Dry Land Distillers Celebrates Four Years in Longmont

Photo By Brian Bishop

With so many breweries and distilleries along the Front Range and across Colorado, it can be difficult for owners, brewers and distillers to separate themselves from the norm. That is unless you are Dry Land Distillers. From Mezcal-inspired spirits, gin and a whiskey made out of 100% Colorado wheat, the founders at Dry Land Distillery are not only separating themselves from the pack; they are furthering a conversation about what it means to have a truly local product — giving a tip of the hat and writing love letters to the high plains with every spirit they produce.

Photo of Dry Land Whiskey being poured into a glass
Photo By Brittni Bell

Cutting corners is not an option when the goal is to produce remarkable and unique spirits. That seems to be the motto for the creators at Dry Land Distillery. From the outset — which started in 2017 with doors officially opening to the public in 2018 — the creators​​ Nels Wroe, Aaron Main and Marc Staats were determined to create a spirit that not only reflected the spirit of the West but, as they put it, “authentically showcase” the ingredients that are district and native to Colorado.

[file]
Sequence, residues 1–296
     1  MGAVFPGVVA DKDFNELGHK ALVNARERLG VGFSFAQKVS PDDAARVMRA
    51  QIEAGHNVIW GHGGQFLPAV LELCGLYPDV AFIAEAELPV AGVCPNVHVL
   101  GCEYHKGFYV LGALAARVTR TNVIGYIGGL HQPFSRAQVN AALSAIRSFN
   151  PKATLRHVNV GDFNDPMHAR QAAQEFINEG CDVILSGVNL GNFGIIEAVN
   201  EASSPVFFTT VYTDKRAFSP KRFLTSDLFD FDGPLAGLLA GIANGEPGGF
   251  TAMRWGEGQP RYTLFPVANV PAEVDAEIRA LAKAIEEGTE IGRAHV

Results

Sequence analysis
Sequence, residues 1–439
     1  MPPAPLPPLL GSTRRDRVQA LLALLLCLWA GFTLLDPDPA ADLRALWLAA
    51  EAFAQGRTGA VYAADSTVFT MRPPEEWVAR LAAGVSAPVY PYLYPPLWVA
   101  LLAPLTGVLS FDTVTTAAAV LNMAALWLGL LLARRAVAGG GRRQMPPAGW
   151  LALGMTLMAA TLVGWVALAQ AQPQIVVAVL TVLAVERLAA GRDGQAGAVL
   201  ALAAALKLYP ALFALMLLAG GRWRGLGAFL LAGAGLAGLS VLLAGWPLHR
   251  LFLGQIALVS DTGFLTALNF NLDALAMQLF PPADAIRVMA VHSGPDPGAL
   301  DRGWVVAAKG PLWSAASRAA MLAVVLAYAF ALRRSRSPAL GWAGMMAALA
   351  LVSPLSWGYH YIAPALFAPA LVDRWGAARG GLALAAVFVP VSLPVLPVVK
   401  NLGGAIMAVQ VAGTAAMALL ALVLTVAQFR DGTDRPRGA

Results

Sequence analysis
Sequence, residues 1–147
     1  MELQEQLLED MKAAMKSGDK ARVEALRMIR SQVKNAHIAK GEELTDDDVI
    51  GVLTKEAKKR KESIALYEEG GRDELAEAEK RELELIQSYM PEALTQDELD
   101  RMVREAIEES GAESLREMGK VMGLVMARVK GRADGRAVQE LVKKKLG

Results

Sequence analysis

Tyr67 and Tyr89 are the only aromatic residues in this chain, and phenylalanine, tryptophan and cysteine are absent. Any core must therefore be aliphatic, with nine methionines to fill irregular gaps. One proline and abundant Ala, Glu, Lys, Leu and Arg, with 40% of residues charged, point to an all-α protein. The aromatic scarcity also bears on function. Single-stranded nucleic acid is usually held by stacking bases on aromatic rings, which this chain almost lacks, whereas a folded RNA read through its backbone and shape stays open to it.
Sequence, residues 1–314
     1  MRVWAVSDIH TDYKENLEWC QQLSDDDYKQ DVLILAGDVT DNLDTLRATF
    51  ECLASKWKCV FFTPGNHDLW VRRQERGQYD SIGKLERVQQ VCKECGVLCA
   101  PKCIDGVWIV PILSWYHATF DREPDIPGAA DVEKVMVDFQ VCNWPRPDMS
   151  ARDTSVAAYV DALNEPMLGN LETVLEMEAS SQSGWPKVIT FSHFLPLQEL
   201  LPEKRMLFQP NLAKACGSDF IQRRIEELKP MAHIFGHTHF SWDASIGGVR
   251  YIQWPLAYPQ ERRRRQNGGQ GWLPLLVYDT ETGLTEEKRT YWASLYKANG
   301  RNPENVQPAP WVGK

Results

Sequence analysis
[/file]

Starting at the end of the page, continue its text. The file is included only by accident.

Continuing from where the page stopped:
With help from researchers at Colorado State University and Troubador Maltings, Wroe and his team distilled the first-of-its-kind whiskey from Antero Wheat. This 100% wheat whiskey was developed and is grown by Colorado State University and is now — through the Colorado Grain Chain — grown by local farmers like Arnusch Farms who are located in Colorado’s Prospect Valley. While “authentic” can be a bit of a sliding scale, Dry Land stays true to its definition by utilizing staff-of-life heirloom wheat verities, local cactus, and regional botanicals. Each one receives its own pedestal through premium spirits and cocktails — sometimes, it feels like the individuals over at Dry Land resemble alchemists rather than distillers.